What was Yitro’s role in Moses’ development? The Torah tells us very little about him; however, I would like to suggest that he served as a kind of father figure in Moses’ life. He did not at all know his natural father, Amram, as his parents were forced to place him in the basket in the bulrushes while he was still an infant, simply to save his life. It also seems reasonable to assume that Pharaoh, the cruel tyrant in whose home he grew up, was not exactly a positive educational model (to rather understate the case). Thus, Yitro may well have served as a significant educator and moral guide. (This is possibly expressed in the great honor shown him by Moses when the latter came to visit him in the wilderness; see Exodus 18). Moses’ lengthy stay in Midian also served as a period of preparation for the central task of his life which he was to fulfill in the future. Again, in the biographies of great leaders we often read of a period of exile—whether in prison, in remote places such as Siberia, or simple periods of “gestation,” spent studying, reading, thinking about the world—before they emerged onto the stage of public life. Thus, rhe Midrash relates that Moses’ work as a shepherd served as a kind of preparation, or testing, for his future function as a leader:

“And Moses was a shepherd” (Exodus 3:1). The blessed Holy One does not give greatness to a man until he tests him in a small thing, and thereafter raises him up to greatness. Thus, two great figures were examined by the blessed Holy One in a small matter and found trustworthy, and were then raised to greatness. David was examined in shepherding the flock... as was Moses.

Our Rabbis said: When Moses our Teacher, of blessed memory, was shepherding the flock of Yiteo in the wilderness, a kid ran away, and he ran after him until he arrived at a bulbous plant (allium). When he came to the plant he saw a pool of water where the kid was standing and drinking. Moses came up to him and said, “I did not know that you were running because you were thirsty. You must be tired.” So he placed him on his shoulder and carried him back. The blessed Holy One said to him: You have shown compassion to shepherd the flock of flesh and blood; by your life, you shall shepherd my flock Israel. This is: “And Moses was a shepherd”—Exodus Rabbah 2.3; 2.2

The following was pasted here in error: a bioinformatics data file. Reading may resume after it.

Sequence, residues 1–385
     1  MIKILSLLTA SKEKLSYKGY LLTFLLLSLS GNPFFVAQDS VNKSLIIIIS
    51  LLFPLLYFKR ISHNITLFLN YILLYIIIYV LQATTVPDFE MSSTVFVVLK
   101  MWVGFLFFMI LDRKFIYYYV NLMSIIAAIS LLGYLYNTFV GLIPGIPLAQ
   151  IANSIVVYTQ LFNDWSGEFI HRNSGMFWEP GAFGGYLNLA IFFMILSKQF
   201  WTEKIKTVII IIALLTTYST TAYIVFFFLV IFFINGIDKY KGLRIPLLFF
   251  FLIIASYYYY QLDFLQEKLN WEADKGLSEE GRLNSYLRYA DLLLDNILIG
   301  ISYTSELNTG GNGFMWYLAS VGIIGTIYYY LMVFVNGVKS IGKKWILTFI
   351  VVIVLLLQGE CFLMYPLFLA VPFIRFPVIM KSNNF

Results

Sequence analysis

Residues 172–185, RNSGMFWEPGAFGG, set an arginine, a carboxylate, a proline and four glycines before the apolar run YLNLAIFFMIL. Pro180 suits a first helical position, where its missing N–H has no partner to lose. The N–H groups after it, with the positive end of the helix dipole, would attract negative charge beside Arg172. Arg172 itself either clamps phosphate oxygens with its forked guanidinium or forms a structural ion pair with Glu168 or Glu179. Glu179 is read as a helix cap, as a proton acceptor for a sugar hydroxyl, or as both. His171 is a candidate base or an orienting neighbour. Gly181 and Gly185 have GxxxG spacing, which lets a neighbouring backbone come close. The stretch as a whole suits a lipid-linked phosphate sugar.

However, the decisive turning point in Moses’ life was his direct encounter with God at Mount Horeb, at the bush that “burned but was not consumed” (Exod 3:2). I would like to read this entire chapter as a kind of “lesson” which God gave Moses on the meaning of being a leader.

What is symbolized by God calling to him from within the bush? Was this a mere “curiosity,” something contrary to the laws of nature, or something deeper? I find it reminiscent of the fire in the Temple, which burned constantly upon the altar without being extinguished. According to Hasidic teaching, this symbolizes the inner fire with which the heart of the true servant of God is constantly aflame; all the more so that the heart of a leader must burn like that bush with a constant passion and desire to fulfill his historical task of leading the people towards its destiny.

A leader has two basic functions: on the one hand, to represent the people before external factors (such as Pharaoh), to serve as a kind of “foreign minister,” as a spokesman to the one who controls their lives; and, on the other hand, to lead the people, to educate them, to explain to them what they need to do, to encourage them, and comfort them in times of distress and trouble so that they not lose hope.

Thus, Moses’ encounter with God began with a call for him to go to Pharaoh and to “take out My people, the children of Israel, from Egypt” (3:10)—in the most literal sense. Thereafter Moses asks: “When the people ask me, ‘What is the name of this God’ [who commands me to confront Pharaoh, the strong, frightening, omnipotent ruler of Egypt; to placed both myself and the people in a situation of new danger], what shall I tell them?” (3:13). A leader must know how to speak to the people, how to overcome their doubts and hesitations and fears, and how to give them an answer (and it may well be that these same questions and misgivings reside in his own heart). God answers him with a rather laconic statement—possibly an answer, possibly a kind of vague promise: Ehyeh asher Ehyeh—“I will be that which I shall be” (v. 14). But immediately thereafter, He adds: “The Lord God of your fathers, God of Abraham, God of Isaac, God of Jacob has sent me to you; this is my name for ever, and this is my remembrance for every generation” (v. 15).